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Faculty Focus: Nthabiseng Moleko

Nthabiseng Moleko lectures on Managerial Economics in USB-ED's Management Development Programme (MDP). Her latest book, Been Chasing Destiny, is an anthology of poetry and a story of hope that attests to her love for South Africa. In her free time Nthabiseng works with high school learners and likes to encourage young and underprivileged people to pursue education.​​

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What has been your toughest leadership challenge?

"I would say one of the toughest has been to constantly lead older people, as culturally the dynamic requires you to respect and heed to their direction and they are usually wiser and hold more experience. However, I have sometimes had a sharp rise to leadership positions and was appointed to the role of CEO at a development agency by the age of 30. The majority of people reporting to me and my stakeholders were senior to me in age but not necessarily in responsibility. I have had to balance receiving counsel and advice, while also exerting my own decisions to innovate and be effective in my own style. The public sector and think tanks are at times bureaucratic, as are universities where older individuals and males are usually predominant. I do believe that in both academia and the public sector a strong injection of young blood, youthful energy, exuberance, and innovation is necessary. These sectors are both patriarchal. Being young, a women and a minority at senior level, requires you to be firm and decisive. The other tough decision was pursuing a PhD full time. It was a risk and challenge to move from a high income to a lower one but the pursuit of destiny and purpose is more important. The PhD would enable me to answer a national question on pension funds and their relevance to national development. For that I needed to focus on research for a period and sacrifice income. It has been highly rewarding, with gains on my academic strength and teaching capabilities expanded in the process."

What is the toughest leadership challenge businesses face today?

"Businesses today have to balance the desire to maximise profit while also looking at the social good. Governments won't be replaced by businesses as they have different objectives, but with the rise of inequality and poverty it is incumbent upon businesses to remain relevant and also provide a social solution to the endemic problem. We have seen a rise in social entrepreneurship, which is a good indicator of business with purpose. The question is whether the scale and quantum of these enterprises are sufficient to promote inclusion and economic development without big businesses entering this space. Business cannot continue as usual and social cohesion, national unity and economic development cannot be the agenda of government and civil society alone. Business is part and parcel of building a nation. Businesses need to also have national interests in their agenda and make a call to go beyond profit maximisation. This is important because without social cohesion and promotion of equality and decent living for all, social conditions will be a significant risk factor for most businesses whose long term sustainability will be compromised."​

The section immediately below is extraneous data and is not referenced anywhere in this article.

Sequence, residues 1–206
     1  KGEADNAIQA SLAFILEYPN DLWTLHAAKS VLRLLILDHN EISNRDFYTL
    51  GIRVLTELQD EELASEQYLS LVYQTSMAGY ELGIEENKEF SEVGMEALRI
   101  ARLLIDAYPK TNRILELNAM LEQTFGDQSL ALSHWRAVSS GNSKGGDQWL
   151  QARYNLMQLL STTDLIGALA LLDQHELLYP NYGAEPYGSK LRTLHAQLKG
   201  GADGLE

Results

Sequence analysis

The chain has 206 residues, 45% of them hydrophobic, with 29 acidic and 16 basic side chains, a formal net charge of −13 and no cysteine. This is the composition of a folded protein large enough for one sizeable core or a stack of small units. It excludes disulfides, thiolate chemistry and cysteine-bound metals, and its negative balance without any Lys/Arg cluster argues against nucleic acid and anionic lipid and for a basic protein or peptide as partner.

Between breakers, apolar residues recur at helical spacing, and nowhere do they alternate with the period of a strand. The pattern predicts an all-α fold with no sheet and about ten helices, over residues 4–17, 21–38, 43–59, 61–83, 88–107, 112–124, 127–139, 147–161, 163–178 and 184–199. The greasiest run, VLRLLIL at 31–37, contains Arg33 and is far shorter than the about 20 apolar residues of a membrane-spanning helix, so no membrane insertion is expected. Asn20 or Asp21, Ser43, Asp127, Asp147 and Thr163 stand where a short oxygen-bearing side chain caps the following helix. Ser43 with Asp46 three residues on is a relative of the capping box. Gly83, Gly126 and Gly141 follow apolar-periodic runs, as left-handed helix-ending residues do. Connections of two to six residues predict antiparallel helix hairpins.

Who inspires you and why?

"My parents are my inspiration, as well as my grandmother. My grandmother is 98 years old and resides in Mahlungulu village in Qumbu. She is my only remaining grandparent and her love for hard work, God and education are without equal. She raised more than 40 relatives, friends and family — many of whom are professionals today. Her love and kindness are contagious. To this day she keeps active by farming her garden, rearing chickens and sheep, reading the paper, and listening to the radio. When she attends funerals she sometimes walks two kilometres! This is why she is still strong and alive. My parents inspire me because of their love for education and their belief in its ability to change the future of the black child. They sacrificed and chose to send their children to schools that they needn't have, but chose to so they could ensure we are better positioned to succeed. They inspired me to pursue my PhD and made sure that I enrol for it despite having a clear future."​

What is the most valuable teaching you have received from a student to date?

"Students, I have learned, are a quite a resilient bunch who have tenacity and never give up. Besides having fun with them in the classroom, keeping up to date with what is happening and ensuring you are current is the norm at USB. However, while teaching Statistics and Economics, it is crucial to ensure I can provide practical linkages to theory and real world practice. Questions are always raised about relevance if you don't expound on the links. So it is important to make these obvious as many in business schools are middle to senior managers in their sectors."​

Do you have a mantra that you live by?

"'The just shall live by faith', and 'I can do all things through Christ who strengthens me'. These are two scriptures that empower me to do what I need to do in this lifetime. They give me the vision to see what others cannot see, and hope for that which is not obvious to the natural eye."

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